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Re: High performance and better fuel consumption...

Postby ApocalypseXL » Sun Aug 15, 2010 8:41 pm

I think water injection works well for lowering intake temps and preventing knock but i don't think I could make a big difference in MPG .

When it comes to fuel heating i would not trust anything that's not digitally controlled whit at least one failsafe . If you can't keep the fuel temperature in a tight grip you're asking for trouble .

Personally i think that the best investment in MPG and BHP is investing in weight . Even the humble fiberglass can make a huge impact if used properly . It is less complicated then engine tuning and it has very few drawbacks . If you have the $$$$ to go for carbon fiber the results are spectacular . I think you can take the Civic from 1850 pounds (sedan weight whit AC + PS is used for this example) to 1600 pounds if you replace the bumpers , hood , trunk lid , fenders (the gains here are quite small) , front bumper support , trunk trim , backseat support and rims . If you also do windows , floors and doors i think you can drop the weight to 1400-1500 , this is while keeping the AC and PS . Remove the AC and you lost another 100 pounds .
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Re: High performance and better fuel consumption...

Postby freydaddy » Mon Aug 16, 2010 9:38 pm

a/c weighs 100 pounds?
what is it? a window unit for the house? ;D :confused2:
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Re: High performance and better fuel consumption...

Postby ApocalypseXL » Tue Aug 17, 2010 12:48 am

Well I'm not sure on the exact number but my compressor weighed a ton when i took it down , the support alone must be 8 pounds the piping is worth a few good pounds and the evaporator is also a heavy sob . I remember i weighted my car before and after taking weight off i lost a lot of weight from taking town the A/C and removing the accursed 120 vacuum assisted carb , I also a did a truckload of modifications that helped lower weight . The grand total was about 90 kg . I blame the A/C for most of the weight .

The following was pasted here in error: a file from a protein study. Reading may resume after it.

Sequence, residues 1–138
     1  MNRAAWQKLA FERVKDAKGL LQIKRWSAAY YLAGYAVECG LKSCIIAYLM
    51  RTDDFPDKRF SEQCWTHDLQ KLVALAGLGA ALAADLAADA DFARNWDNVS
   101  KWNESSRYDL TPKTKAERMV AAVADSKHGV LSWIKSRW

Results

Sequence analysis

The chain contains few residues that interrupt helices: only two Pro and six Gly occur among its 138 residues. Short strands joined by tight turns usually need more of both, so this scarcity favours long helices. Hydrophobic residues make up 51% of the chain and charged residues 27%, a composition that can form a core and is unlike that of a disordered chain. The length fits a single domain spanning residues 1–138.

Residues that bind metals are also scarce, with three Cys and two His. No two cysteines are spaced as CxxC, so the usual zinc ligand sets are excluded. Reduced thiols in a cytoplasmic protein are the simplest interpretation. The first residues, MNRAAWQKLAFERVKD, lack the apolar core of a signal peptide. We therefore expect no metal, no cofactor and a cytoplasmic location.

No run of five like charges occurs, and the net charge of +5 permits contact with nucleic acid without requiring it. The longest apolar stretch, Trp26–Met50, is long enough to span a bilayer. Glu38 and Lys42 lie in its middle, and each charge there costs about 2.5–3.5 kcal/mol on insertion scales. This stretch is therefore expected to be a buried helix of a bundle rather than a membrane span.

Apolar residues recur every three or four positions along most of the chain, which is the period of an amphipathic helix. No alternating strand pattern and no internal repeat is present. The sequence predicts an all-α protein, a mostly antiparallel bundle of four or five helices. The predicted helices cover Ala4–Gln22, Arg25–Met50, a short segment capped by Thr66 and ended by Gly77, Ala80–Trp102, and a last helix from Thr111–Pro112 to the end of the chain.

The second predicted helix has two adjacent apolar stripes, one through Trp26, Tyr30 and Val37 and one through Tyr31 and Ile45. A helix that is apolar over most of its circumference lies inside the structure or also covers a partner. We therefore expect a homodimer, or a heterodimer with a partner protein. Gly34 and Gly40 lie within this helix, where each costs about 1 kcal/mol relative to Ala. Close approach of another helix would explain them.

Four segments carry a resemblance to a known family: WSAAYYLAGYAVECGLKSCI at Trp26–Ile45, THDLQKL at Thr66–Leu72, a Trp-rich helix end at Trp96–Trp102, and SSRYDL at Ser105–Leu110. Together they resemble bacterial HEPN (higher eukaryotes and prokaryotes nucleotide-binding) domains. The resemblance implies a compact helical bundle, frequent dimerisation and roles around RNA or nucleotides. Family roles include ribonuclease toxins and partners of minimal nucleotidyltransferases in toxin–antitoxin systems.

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Re: High performance and better fuel consumption...

Postby cougar289 » Tue Aug 17, 2010 2:47 am

It's 45 pounds for the a/c compressor, piping, condensor, and can (I weighed all of these components myself). The sedan weighs more like 2300lbs with a/c and p/s.
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Re: High performance and better fuel consumption...

Postby el_jelly » Tue Aug 17, 2010 2:55 am

The compressor is 20-30 pounds depending if there's oil inside, the whole system including relays, wires, the climate control unit, hoses, etc may approach the 100 pounds but not that much.

Obviously cutting weight down saves fuel and increases performance but it will reach a max point after which reducing weight will be impractical, unsafe and won't do anything more. Riding in a kite won't be fun at all.

Two more links now related to water in the engine. The first is about water injection but it's more about "induction" since the people posting are just using water that is on mist form and some form of vacuum so it's swallowed by the engine. Best in the thread: one guy with a d16z6 that with home-made stuff achieved better fuel consumption:
http://www.hhoforums.com/showthread.php?t=1673

This other one is a review of technologies available for water injection and lots of interesting info on the use of water as fuel or additive to fuel (war planes, diesel engines, patented stuff, commercial system, etc): http://waterfuel.100free.com/water_injection.html
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Re: High performance and better fuel consumption...

Postby ApocalypseXL » Tue Aug 17, 2010 8:21 am

cougar289 wrote:It's 45 pounds for the a/c compressor, piping, condensor, and can (I weighed all of these components myself). The sedan weighs more like 2300lbs with a/c and p/s.

Prolly the 4g one , mine is a 3g so 2040 according to the book and 2008 according to the scale .
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Re: High performance and better fuel consumption...

Postby freydaddy » Thu Aug 19, 2010 3:06 am

we can easily convert our cars to run off some water.
www.ehow.com/how_4621378_make-own-hydro ... -cars.html
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Re: High performance and better fuel consumption...

Postby cougar289 » Thu Aug 19, 2010 3:46 am